If you're going to open a craft brewery in Anheuser-Busch's backyard, you'd better not bring some weak brew that tastes like glorified Michelob.

We had doubts about Schlafly Brewing when we first encountered a stray bottle of its special-release Pumpkin Ale in Chicago a few years back. Yet just as New Belgium and Avery breweries have flourished in Coors' long Colorado shadow, Schlafly has thrived as a craft alternative to the big brewery for more than 20 years.

Its Christmas Ale full of orange peel, berries, ginger, cardamom and clove is one of the best holiday seasonals in the country, but it's the regular lineup that's really made inroads -- even securing some tap space during Cardinals games at Busch Stadium. It boasts a simple, sessionable 4.4% ABV Pale Ale as its flagship beer, but the showstopper is a Cascade and Chinook hop-heavy Dry Hopped American Pale Ale. Just hoppy, bitter and aromatic enough to provide more punch than the standard Pale Ale, but sweet enough to prevent big-beer converts from recoiling in horror.

It's on the smaller side for an IPA at 5.9% ABV, but that's not such a bad thing if there's more than one in your future. Visit the Anheuser-Busch brewery, see some Clydesdales, but if you want more hops and malt than you'll find in a Bud, Schlafly should be your next stop.

Louisville, Ky.: Bluegrass Brewing's American Pale Ale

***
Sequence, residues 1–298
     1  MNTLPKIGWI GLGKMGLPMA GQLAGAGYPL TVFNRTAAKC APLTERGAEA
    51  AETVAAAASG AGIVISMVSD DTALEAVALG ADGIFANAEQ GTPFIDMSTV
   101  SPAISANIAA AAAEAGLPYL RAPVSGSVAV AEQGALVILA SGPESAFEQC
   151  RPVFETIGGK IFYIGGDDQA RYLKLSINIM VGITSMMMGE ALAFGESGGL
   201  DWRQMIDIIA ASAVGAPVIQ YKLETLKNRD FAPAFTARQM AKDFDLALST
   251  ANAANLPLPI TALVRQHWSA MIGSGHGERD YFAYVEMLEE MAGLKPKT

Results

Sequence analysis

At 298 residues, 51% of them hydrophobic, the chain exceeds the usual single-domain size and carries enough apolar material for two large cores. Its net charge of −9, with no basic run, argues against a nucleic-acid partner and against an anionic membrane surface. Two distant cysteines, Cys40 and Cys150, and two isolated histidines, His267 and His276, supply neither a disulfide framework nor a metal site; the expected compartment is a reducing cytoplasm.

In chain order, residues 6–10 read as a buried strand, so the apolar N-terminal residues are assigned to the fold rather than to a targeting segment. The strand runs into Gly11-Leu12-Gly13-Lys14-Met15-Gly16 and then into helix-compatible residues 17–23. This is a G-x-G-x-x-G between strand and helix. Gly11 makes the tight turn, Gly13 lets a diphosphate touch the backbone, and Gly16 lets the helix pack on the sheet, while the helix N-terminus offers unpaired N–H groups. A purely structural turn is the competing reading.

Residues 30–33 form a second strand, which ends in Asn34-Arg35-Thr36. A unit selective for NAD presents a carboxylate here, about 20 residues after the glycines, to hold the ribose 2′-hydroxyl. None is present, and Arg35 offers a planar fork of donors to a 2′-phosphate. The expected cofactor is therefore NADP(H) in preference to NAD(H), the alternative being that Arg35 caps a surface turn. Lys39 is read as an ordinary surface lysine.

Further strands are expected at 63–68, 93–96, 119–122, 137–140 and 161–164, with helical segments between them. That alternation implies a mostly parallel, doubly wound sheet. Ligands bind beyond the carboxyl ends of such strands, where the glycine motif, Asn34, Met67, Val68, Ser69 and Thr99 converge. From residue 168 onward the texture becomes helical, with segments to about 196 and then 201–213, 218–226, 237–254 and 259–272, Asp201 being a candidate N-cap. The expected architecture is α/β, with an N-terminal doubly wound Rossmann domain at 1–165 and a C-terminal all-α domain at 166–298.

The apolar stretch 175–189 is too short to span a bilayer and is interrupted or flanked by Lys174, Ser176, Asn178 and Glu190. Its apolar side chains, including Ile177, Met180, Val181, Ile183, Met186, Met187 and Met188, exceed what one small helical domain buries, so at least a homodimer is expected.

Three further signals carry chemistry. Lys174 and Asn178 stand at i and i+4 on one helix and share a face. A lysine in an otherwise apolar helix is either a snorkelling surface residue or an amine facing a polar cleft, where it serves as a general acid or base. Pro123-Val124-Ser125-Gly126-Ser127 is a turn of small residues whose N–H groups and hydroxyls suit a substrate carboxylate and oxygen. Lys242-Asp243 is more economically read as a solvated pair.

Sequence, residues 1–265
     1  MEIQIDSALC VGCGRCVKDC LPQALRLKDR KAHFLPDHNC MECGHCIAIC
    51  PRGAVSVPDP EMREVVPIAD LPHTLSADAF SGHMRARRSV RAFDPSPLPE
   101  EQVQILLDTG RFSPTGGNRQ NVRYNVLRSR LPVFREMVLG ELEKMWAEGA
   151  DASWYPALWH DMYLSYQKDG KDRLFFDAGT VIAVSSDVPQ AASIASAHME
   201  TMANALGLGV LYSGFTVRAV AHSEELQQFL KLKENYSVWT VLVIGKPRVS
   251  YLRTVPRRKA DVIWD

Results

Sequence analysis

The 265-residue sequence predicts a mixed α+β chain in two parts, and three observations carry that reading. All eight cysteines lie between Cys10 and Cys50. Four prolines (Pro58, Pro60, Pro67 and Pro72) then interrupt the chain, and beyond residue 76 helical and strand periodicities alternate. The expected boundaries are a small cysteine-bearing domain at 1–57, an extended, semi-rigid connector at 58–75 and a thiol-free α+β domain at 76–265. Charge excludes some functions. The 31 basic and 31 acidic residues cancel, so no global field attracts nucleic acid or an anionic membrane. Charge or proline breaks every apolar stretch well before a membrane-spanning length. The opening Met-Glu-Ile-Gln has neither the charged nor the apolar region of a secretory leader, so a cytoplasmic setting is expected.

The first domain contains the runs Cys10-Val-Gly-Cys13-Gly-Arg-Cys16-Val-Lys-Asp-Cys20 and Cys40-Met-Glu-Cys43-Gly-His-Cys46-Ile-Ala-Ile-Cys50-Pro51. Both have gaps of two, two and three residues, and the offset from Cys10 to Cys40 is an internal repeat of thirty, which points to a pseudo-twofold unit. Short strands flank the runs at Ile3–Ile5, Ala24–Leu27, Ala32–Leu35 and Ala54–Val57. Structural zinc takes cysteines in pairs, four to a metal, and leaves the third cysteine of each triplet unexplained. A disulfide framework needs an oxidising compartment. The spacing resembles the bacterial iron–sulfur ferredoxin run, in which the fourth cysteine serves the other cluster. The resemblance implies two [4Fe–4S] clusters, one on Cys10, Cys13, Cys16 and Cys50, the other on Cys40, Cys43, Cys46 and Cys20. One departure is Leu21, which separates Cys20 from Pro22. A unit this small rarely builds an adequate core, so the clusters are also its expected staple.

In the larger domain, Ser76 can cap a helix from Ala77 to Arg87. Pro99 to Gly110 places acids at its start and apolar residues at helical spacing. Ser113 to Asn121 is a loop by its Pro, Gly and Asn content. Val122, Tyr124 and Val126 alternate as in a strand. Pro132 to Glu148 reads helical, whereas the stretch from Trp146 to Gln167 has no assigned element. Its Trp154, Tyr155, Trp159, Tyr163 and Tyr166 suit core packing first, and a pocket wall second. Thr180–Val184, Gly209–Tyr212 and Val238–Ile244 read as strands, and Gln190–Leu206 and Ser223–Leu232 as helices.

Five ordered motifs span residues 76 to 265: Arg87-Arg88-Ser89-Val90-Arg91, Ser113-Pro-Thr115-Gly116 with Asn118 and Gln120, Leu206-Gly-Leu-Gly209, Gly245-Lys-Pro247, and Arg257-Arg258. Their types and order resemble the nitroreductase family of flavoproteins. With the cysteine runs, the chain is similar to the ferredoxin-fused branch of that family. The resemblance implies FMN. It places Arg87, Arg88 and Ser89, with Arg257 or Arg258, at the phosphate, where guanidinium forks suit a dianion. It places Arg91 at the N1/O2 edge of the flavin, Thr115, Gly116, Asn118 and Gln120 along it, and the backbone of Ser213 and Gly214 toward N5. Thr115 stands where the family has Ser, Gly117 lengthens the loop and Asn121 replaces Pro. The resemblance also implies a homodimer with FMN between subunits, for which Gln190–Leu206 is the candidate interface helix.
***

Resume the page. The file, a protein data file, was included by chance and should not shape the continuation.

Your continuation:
It's understandable for barflies from beyond Kentucky's borders to turn their thoughts to distilleries instead of breweries when it comes to imbibing in the Bluegrass State. Kentucky supplies 95% of the world's bourbon, which accounts for $1.1 billion in U.S. exports and $2 billion of Kentucky's economy.

Where a bourbon lover looks at a bourbon barrel and see's God's gift to whiskey, a beer brewer sees it as a challenge. Oak barrel conditioning and aging is nothing new in the brewing world, but Bluegrass Brewing takes it a step further by procuring its barrels from the Four Roses distillery in Lawrenceburg and serving four barrel-aged brews at a clip.

We heartily recommend any four of these, which rotate in and out on a seasonal basis and typically have a higher ABV than the standard brews. If you're seeking consistency, however, there's no better place to start than with the Dark Star Porter. Not only is it a smooth, dark, chocolate-and-caramel concoction that warms the chest without scorching the tongue, but this 5.6% ABV is a nice gateway to BBC's 7.5% ABV Bourbon Barrel Rye Porter. We suggest checking into the St. Matthew's location on Wednesday night for some prime picking during their Bluegrass Jam and for a pint of near-perfect porter that could blacken the blue moon of Kentucky.

Which first-round beer in our Midwest bracket would you prefer?

Schlafly Beer's Dry Hopped APA
Bluegrass Brewing Company's Dark Star Porter

-- Written by Jason Notte in Boston.

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Jason Notte is a reporter for TheStreet. His writing has appeared in The New York Times, The Huffington Post,, Time Out New York, the Boston Herald, the Boston Phoenix, the Metro newspaper and the Colorado Springs Independent. He previously served as the political and global affairs editor for Metro U.S., layout editor for Boston Now, assistant news editor for the Herald News of West Paterson, N.J., editor of Go Out! Magazine in Hoboken, N.J., and copy editor and lifestyle editor at the Jersey Journal in Jersey City, N.J.